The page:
How do you beat performance anxiety when competing at athletic events, or in life?
I don't have perfect answers, I do know in the martial arts world, nothing compares to performing in front of judges. Anxiety, alert. DING. DING. DING.
Yes, they are judging YOU.
In the court, being judged by your peers remains part of our judicial system. But in taekwondo?
Yes, if you want to rise to a higher rank. Not that much different than Olympic slopestyle where not only do jumps matter, but HOW how they look.
We ALL get nervous before big events. It means we care. If we didn't, then it would mean we didn't care. Weddings, public speaking, or Olympic events rattle nerves.
With THREE rules, we can overcome and exceed our expectations, regardless if you are teaching for the first time, rank testing, or at a tournament:
Rule #1. Have Fun.
That is what life is about. Yet, our lizard brain wants us to be nervous. However, we CAN control our brain response (the lizard brain, according to Seth Godin) and set the stage for optimal performance.
Rule #2. Have Fun.
Seriously, we train to WIN, but compete to have FUN. Others want us to do well, but getting first place should have nothing to do with it, especially when there are many factors completely out of our control. Once we realize this, we have mentally set the stage to do our personal best. THAT matters. If we ended up in last place, THAT doesn't matter. At least we tried. Which is better than those that chose NOT to compete (if we choose to judge).
Rule #3. Do your best.
The challenge must be approached as a personal challenge, not a competitive challenge among others. Doing your best matters most. YOUR best. That's it. Chances are if you care enough about it, you trained for it. If you trained right for it, you're prepared. And if you're prepared enough, then you'll do fine.
Instead of nerves fluttering like butterflies, form them into Geese Formation and let them work for you!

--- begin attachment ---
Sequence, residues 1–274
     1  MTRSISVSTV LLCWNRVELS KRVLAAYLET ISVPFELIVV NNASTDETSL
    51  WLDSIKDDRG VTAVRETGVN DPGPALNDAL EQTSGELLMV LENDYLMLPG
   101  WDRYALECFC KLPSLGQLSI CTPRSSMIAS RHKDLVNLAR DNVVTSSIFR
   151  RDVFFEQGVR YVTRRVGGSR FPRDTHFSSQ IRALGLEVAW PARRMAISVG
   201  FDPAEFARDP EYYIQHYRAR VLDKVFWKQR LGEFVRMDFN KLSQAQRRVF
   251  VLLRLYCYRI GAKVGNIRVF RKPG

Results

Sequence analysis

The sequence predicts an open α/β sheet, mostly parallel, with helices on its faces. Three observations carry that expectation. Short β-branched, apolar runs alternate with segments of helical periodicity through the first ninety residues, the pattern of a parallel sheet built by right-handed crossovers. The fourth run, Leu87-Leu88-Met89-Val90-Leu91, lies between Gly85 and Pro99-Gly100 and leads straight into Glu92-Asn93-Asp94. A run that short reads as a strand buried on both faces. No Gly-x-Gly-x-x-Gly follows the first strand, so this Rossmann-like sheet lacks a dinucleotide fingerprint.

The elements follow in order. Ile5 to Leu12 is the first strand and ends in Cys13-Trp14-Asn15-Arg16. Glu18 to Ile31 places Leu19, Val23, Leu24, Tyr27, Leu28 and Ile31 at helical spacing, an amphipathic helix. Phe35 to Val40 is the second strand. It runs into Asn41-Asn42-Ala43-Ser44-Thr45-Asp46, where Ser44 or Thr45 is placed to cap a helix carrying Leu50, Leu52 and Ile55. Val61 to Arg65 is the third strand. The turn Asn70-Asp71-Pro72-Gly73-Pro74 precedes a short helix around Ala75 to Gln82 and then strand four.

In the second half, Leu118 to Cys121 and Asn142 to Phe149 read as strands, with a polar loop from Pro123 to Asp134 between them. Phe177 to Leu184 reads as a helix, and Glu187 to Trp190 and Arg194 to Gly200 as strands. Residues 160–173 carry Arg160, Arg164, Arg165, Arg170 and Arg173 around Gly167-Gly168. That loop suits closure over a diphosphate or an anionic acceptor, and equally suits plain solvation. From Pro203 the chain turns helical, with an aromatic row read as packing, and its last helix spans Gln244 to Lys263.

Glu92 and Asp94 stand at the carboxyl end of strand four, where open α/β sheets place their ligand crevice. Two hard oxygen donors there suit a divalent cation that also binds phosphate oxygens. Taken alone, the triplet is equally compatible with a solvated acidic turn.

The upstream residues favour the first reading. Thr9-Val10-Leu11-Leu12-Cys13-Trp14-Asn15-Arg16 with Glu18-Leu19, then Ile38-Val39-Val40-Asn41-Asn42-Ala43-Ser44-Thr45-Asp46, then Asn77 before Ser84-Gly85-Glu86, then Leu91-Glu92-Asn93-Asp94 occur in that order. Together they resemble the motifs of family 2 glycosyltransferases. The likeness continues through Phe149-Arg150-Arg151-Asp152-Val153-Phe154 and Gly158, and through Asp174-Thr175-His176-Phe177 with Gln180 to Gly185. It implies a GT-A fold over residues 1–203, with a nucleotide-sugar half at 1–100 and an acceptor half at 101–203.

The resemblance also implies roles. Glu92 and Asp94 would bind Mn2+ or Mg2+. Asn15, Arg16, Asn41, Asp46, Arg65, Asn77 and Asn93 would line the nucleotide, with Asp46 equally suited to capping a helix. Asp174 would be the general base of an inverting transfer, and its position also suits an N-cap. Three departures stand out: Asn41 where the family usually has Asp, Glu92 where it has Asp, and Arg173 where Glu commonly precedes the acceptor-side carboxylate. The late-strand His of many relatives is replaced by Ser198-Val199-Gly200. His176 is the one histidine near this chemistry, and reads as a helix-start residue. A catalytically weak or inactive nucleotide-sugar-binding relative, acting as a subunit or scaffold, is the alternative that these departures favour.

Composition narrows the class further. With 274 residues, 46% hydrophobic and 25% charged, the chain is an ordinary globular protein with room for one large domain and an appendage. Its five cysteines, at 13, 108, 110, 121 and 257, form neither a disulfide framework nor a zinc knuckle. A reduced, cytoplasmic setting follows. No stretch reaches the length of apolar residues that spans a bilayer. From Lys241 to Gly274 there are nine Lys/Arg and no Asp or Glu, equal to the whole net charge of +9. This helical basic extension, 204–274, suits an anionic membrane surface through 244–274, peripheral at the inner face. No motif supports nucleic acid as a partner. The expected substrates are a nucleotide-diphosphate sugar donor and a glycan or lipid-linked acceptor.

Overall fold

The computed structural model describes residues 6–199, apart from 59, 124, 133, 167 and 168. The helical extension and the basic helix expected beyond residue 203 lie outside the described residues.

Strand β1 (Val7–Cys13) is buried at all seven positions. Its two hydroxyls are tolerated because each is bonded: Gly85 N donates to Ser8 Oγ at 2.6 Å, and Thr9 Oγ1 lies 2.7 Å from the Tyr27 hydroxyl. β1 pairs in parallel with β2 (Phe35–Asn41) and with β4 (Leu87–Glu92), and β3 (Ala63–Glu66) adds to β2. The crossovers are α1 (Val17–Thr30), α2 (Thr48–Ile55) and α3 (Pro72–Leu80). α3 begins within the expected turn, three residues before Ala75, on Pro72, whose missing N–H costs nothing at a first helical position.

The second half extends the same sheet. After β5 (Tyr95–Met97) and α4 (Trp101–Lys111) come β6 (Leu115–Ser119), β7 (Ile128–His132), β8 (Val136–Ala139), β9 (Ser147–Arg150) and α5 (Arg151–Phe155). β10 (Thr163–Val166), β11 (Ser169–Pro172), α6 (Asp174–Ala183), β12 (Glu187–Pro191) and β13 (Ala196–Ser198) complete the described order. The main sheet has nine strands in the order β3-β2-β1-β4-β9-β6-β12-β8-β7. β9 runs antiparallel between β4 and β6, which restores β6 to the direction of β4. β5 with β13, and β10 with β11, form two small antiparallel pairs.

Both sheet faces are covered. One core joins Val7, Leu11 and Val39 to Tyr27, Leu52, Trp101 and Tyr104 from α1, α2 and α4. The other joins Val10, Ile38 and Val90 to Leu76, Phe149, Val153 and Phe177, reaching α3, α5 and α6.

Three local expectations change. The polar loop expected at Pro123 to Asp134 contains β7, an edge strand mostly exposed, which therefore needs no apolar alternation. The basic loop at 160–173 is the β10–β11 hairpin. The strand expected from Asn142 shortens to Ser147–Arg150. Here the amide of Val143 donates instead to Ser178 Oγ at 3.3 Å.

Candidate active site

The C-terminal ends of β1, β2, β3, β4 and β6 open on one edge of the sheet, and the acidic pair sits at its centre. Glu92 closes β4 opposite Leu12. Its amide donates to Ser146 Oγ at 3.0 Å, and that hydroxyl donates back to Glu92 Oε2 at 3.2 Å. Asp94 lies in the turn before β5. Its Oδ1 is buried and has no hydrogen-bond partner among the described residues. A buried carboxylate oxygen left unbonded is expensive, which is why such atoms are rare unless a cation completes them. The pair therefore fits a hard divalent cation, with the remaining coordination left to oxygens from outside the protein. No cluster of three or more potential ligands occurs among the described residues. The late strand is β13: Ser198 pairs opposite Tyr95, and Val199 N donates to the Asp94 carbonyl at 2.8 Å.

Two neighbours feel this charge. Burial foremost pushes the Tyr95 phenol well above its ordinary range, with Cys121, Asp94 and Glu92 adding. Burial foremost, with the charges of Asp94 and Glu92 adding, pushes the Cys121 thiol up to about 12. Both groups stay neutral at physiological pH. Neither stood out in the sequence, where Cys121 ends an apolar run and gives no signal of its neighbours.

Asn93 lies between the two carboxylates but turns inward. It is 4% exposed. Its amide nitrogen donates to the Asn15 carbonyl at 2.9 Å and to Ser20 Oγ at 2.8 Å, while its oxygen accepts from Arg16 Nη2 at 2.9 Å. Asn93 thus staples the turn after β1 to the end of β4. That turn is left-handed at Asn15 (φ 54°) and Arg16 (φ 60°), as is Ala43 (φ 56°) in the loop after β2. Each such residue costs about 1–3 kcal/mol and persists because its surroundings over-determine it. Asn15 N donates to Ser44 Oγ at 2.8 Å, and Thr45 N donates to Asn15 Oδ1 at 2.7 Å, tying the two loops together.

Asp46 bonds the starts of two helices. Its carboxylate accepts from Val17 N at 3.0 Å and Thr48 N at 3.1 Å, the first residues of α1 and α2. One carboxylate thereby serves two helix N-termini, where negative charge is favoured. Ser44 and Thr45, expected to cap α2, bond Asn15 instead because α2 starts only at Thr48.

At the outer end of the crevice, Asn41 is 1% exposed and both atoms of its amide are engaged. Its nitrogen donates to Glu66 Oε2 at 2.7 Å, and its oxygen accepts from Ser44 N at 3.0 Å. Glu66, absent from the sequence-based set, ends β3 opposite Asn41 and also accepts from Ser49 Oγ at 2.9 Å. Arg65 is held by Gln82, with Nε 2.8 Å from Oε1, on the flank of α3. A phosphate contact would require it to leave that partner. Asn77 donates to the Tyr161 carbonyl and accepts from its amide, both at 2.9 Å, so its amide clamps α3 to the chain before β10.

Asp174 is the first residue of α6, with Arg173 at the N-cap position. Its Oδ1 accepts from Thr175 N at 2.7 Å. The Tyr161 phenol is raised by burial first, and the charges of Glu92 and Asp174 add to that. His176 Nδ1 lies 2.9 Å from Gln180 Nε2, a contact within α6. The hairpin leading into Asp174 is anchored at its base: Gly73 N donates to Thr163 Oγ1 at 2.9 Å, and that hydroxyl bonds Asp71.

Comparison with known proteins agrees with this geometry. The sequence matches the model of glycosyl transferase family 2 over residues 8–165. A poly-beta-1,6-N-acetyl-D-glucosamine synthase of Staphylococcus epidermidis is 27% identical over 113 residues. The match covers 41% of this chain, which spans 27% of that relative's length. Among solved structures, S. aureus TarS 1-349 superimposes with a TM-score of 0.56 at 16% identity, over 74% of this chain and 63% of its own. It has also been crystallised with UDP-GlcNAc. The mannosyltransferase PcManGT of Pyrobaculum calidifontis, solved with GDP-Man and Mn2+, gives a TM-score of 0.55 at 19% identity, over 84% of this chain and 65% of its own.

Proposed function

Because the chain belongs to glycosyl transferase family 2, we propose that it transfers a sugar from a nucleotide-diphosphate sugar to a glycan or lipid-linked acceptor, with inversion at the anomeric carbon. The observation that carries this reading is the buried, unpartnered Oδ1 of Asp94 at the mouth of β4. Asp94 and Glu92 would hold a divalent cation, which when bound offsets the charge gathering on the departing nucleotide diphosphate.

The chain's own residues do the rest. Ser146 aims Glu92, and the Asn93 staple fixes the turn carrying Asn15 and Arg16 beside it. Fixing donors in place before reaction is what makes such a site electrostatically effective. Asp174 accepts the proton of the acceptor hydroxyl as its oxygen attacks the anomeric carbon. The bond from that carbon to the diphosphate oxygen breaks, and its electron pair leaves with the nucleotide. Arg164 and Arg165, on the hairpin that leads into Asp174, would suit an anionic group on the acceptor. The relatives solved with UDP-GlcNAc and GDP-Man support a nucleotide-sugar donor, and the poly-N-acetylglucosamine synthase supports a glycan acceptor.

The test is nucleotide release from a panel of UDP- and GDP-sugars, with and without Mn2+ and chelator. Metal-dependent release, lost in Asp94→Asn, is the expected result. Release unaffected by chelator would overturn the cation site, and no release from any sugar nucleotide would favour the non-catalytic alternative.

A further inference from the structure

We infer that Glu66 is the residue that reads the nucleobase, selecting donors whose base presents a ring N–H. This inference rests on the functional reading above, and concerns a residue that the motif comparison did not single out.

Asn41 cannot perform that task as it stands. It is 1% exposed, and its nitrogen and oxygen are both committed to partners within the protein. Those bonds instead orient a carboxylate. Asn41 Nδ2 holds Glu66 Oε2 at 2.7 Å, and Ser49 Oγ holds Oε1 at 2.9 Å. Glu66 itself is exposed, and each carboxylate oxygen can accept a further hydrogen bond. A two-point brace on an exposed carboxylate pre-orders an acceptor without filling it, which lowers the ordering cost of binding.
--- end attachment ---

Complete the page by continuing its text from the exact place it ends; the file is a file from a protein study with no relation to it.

Having said this, I had fun and did my best at the 2014 American Taekwondo Association (ATA) Spring Nationals in Anaheim, CA this weekend. I met new friends. Challenged myself. And built confidence... things money can't buy.
Beat Nerves: Easier Said, Than Done!
Yes, I was VERY nevous for my testing and my competition. However, I learned that many mountain climbers are scared of heights. For them, scaling peaks allows them to beat personal challenges. That is what martial arts in really about: conquering personal challenges. Closing my eyes and visualizing a happy place (at home with my wife and dog, for example), and breathed deeply many times. It worked. At at least my balance improved on my press kicks (foam flooring magnifies everything to the worse).
My competitors in the Men's 30-39 Black Belt 2-3rd degree division had great attitudes. I laughed a ton, which helped tame the nerves. Looking back, this group photo makes the trip to California worth the cost and effort! And if my fourth-degree black belt testing is successful, that means I am ready to compete in the 4th-5th degree division.
PS- Future self: I write this for you (Yes, you, R. J.) Please re-read before each tournament, testing, or nervous anxiety moment (even if it teaching ATA Tiny Tigers new moves in front of parents).